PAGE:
Seventeenth Judicial Circuit (Broward County). The Seventeenth Circuit currently has forty-one circuit and seventeen county court judges. The need for two additional county court judges is certified for the first year of the biennium. The Seventeenth Circuit has received a total of fourteen new judgeships since 1979, more than any other circuit. Yet, the stated need for additional judgeships remains extremely high. The chief judge, his representatives, and other members of the community state that there is a legitimate justification for a further substantial increase in judicial positions. For fiscal year 1983-1984 they have requested eight additional circuit judgeships and three additional county court judgeships. For fiscal year 1984-1985 they have requested four additional circuit judgeships and two additional county court judgeships. The circuit, nevertheless, does not rank particularly high in either filings, dispositions, or population per circuit judge. Despite the 32 percent increase in circuit court judgeships since 1979, the backlog of pending circuit court cases continues to increase. There is currently a backlog of over 50,000 cases. Because there has been a significant increase in judicial positions certified and approved for the circuit in recent years and because of the need to assess the impact of these additional positions, no additional circuit judgeships are being certified. However, because of the apparent problem existing in the circuit and the high backlog of pending cases, we are requesting funding in the first year of the biennium for three full-time retired judges, and necessary support staff, who will be assigned to reduce this backlog. This would be in addition to funds otherwise appropriated for the assignment of retired judges throughout the state. The Chief Justice is also directing that the State Courts Administrator conduct an in-depth review of the circuit to determine and identify the reasons for the backlog of pending cases. The State Courts Administrator will report to the Chief Justice by October 1, 1983, on the operations of the circuit. We will then consider that report in our process of certifying the need for additional judgeships for the second year of the biennium.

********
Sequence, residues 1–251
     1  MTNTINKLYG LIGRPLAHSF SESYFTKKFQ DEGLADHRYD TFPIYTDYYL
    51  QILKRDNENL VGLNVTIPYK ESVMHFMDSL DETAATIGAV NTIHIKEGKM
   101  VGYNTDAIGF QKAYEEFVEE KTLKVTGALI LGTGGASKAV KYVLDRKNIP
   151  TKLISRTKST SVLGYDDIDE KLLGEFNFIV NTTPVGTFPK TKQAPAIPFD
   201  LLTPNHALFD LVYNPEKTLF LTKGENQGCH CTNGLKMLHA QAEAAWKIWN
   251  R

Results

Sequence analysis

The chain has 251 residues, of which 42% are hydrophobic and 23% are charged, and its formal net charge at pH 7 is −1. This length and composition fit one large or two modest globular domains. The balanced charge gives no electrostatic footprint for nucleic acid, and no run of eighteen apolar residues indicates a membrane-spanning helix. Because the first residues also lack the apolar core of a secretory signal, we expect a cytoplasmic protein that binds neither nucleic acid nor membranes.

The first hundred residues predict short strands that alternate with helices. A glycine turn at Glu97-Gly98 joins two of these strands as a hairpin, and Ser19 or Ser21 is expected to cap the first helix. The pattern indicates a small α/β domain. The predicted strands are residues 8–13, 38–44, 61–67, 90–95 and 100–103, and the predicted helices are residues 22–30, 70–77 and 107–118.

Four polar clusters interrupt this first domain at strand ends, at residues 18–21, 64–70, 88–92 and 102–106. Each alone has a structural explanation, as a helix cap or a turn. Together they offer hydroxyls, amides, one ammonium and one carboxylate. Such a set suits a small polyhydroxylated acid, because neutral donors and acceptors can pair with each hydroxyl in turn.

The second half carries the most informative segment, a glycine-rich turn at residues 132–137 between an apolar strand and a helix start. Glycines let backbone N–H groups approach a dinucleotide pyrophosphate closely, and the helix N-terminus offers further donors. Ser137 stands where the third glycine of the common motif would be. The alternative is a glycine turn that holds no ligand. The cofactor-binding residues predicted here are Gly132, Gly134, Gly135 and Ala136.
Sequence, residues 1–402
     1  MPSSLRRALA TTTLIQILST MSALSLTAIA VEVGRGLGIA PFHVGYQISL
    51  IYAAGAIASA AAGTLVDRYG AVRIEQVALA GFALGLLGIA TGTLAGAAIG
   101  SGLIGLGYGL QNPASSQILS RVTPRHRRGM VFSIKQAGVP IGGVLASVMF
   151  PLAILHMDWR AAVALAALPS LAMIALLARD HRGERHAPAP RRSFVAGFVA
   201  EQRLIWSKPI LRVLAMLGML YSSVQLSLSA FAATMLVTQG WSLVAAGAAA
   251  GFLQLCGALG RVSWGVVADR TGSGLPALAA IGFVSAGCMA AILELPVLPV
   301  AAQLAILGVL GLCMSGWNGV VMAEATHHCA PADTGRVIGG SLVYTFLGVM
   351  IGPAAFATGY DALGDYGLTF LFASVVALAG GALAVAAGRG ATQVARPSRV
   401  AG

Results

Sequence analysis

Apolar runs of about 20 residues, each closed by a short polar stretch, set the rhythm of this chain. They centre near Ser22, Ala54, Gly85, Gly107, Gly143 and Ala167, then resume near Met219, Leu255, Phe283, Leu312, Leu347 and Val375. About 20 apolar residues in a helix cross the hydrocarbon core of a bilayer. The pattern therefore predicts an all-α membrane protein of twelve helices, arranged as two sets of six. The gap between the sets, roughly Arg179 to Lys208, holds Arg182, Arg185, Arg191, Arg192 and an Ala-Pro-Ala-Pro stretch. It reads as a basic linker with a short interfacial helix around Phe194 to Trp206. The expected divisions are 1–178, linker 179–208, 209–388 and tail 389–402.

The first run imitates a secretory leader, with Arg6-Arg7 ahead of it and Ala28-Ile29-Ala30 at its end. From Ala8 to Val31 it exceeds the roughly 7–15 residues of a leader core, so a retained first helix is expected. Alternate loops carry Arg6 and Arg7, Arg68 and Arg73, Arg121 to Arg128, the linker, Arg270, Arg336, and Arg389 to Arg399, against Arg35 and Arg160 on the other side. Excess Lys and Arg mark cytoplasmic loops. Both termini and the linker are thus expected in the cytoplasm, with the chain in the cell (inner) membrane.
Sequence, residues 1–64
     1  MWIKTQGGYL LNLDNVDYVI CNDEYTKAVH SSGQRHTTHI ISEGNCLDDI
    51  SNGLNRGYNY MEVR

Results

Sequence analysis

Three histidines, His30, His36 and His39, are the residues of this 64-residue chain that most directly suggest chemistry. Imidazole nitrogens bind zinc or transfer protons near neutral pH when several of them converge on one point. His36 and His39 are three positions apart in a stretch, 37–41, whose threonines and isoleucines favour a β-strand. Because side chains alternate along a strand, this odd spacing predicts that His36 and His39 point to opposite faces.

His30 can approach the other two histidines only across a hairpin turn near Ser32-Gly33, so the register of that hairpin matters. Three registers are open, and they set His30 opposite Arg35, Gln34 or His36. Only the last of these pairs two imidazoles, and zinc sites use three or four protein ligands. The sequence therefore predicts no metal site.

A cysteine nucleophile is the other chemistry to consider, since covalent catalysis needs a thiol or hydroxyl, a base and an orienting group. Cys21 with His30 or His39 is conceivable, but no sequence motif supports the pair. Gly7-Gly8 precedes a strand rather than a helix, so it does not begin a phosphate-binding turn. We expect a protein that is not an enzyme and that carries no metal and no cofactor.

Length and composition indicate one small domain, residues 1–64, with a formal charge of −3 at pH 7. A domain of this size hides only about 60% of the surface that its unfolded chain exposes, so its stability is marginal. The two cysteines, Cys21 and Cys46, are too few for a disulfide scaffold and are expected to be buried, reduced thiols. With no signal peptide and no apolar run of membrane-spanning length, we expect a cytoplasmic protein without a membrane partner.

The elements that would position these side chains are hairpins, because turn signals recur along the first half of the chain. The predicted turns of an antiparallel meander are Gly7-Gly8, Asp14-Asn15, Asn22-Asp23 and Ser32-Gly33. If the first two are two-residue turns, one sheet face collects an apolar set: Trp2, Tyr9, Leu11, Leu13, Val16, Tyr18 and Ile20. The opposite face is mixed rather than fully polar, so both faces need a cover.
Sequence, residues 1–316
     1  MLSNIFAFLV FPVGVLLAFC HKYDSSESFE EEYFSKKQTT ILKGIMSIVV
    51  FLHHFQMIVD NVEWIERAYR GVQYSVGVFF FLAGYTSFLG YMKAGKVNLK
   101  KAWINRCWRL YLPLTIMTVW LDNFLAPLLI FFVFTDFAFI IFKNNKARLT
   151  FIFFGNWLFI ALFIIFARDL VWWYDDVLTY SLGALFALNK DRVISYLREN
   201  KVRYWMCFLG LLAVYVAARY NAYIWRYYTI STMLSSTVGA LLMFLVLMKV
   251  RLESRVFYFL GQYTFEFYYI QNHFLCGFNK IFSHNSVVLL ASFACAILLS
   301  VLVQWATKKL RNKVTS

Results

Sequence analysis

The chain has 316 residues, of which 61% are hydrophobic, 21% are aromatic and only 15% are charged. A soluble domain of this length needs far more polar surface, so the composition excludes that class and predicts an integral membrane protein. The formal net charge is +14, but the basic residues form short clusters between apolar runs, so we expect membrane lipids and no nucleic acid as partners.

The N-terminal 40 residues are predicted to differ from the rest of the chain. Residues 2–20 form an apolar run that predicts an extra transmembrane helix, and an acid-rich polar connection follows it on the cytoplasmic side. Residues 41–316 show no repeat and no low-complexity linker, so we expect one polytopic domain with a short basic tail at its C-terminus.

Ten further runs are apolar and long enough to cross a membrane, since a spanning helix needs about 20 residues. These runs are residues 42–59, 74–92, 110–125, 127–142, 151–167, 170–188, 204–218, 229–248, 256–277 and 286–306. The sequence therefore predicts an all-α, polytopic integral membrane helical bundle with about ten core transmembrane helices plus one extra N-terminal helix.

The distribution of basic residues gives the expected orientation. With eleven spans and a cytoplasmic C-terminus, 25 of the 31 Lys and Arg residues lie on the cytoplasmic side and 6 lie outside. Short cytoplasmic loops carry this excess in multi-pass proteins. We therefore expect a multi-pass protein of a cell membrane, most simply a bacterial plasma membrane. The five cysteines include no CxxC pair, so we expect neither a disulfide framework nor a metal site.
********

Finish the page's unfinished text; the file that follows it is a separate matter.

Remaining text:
The Court is certifying the current need for two additional county court judges due to the very high ratio of filings per county court judge that now exists and is projected to continue.
Eighteenth Judicial Circuit (Brevard and Seminole Counties). The Eighteenth Circuit currently has fourteen circuit and eight county court judges. The need for one additional county court judge for Seminole County is certified for the first year of the biennium. Seminole County has not had a new judgeship since 1976, and the circuit has received only one new circuit judge since 1972. Population growth has been substantial, with a high number of tourists passing through Seminole County on their way to the Disney World area. The county ranks near the top in ratio of filings per judge. There has also been a significant increase in the state attorney and public defender staffs which is affecting judicial work load.
Nineteenth Judicial Circuit (Indian River, Martin, Okeechobee, and St. Lucie Counties). The Nineteenth Circuit currently has eight circuit and six county court judgeships. The need for one additional circuit and one additional county court judgeship is certified for the first year of the biennium. The circuit has a high overall factor ranking and also has shown a significant population increase which is projected to continue. An increase in state attorney and public defender staffs is also affecting judicial work load. Indian River County has one of *235 the highest ratios of county court filings per judge in the state and has not had a new county court judgeship since article V was adopted.